A 2013 Appalachian Trail Thru-Hiker Success Story: Rainbow Braid
In case you haven’t noticed of late, I like sharing fan e-mails. Many are far too good to keep buried in the depths of my inbox.
The purpose of sharing the following message is two-fold:
- To share a real-life example of how Appalachian Trials helped one thru-hiker to not throw in the towel on a day where many others easily could have and,
- Showcase a great writer – and fellow backpacking blogger.
Read her note. We’ll meet below. (Bolding is my own)
My name is Carlie Gentry and I am from the Atlanta area. I set out on March 3rd to thru hike the AT and reached Katahdin on August 22, 2013. It’s almost harder to believe it now than before I started, but after about 5 million steps and approximately the same mount of tears, laughing fits, angry yells and psyched whoops, I made it! I think one of the more worth while ways in which I prepared myself was definitely your book. It only took three days until I realized the priceless value of the information I had gathered from reading it.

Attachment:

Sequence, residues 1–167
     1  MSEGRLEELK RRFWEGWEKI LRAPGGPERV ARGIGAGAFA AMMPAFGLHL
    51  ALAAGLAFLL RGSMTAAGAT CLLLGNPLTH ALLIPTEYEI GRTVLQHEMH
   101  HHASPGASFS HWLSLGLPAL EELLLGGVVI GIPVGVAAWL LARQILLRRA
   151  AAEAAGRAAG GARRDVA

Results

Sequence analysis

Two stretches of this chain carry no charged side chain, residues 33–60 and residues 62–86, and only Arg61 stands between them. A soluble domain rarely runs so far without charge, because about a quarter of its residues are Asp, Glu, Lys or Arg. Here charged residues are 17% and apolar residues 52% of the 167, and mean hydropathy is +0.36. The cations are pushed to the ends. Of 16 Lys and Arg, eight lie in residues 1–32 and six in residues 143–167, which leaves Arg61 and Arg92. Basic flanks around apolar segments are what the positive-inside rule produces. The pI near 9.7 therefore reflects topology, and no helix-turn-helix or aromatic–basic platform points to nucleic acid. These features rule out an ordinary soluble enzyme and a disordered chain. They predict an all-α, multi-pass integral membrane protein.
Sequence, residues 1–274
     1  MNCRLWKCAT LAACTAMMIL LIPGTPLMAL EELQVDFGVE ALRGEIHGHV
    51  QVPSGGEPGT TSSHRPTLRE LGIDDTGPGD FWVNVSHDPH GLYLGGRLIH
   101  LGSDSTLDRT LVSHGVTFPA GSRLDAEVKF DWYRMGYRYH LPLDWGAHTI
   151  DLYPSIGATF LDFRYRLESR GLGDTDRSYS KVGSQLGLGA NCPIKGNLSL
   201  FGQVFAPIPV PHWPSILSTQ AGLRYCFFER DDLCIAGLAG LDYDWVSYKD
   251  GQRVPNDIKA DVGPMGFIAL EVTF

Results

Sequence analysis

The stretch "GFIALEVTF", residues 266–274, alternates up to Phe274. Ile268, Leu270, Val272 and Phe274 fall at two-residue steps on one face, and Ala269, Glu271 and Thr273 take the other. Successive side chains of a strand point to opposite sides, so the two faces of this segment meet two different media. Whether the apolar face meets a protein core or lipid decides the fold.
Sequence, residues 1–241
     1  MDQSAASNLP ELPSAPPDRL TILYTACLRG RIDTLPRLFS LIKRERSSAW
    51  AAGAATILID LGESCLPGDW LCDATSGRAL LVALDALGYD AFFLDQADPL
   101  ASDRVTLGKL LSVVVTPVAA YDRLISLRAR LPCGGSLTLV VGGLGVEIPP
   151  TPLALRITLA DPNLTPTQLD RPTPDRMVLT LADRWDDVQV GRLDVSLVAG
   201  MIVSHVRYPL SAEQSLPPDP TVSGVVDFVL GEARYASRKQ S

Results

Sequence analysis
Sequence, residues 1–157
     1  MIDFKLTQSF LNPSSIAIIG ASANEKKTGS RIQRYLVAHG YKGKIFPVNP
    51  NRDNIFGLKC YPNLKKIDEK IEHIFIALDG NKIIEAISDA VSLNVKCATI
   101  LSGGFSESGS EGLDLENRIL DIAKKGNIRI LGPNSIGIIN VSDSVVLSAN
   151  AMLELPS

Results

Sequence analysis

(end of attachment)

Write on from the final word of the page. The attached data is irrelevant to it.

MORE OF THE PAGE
The day I scrambled down into Neels Gap and saw the stone building of Mountain Crossings was ‘psyched whoop #1’ of many more to come. I had woken up in the Lance Creek campsite to an ice and snow covered tent after the thunderstorm from the night before took a chilly turn. My water was frozen and my stove wouldn’t light but that was okay because even by day three I was done with instant oatmeal. I ripped down camp and set out to hike the 8 or 9 miles up and over Blood Mountain with half a Clif Bar in my stomach and the other half in my hand. The wind was vicious and the snow and sleet stung my face. I had hiked in rain plenty before in my lifetime but this SUCKED! Somewhere just before the base of Blood Mountain I ran into another hiker who I had met several times before and we affirmed one others beliefs that this was indeed wretched. Then we continued on hiking with the unspoken agreement that we weren’t going to leave each other out there to freeze to death. We navigated the steep, snow covered rock face of the northern side of the mountain as best we could and put the Jamaican bob sled team to shame skidding down on our packs when feet weren’t an option. But at long last, Walasi-Yi appeared! The storm had brought down trees and power lines throughout the area and the hostel was shut down until the power was up and running. Nonetheless, we were elated to be under a roof sitting over four solid walls. We ate lunch as we thawed out in the outfitter and I pulled out my journal to look at the tiny printed lists taped in the covers. Another hiker walked by and gazed down at me. “Lookin’ at the lists, huh? Yeah, I had to read over mine after today as well.” And he pulled a few tightly folded sheets of paper from the pocket of his down jacket.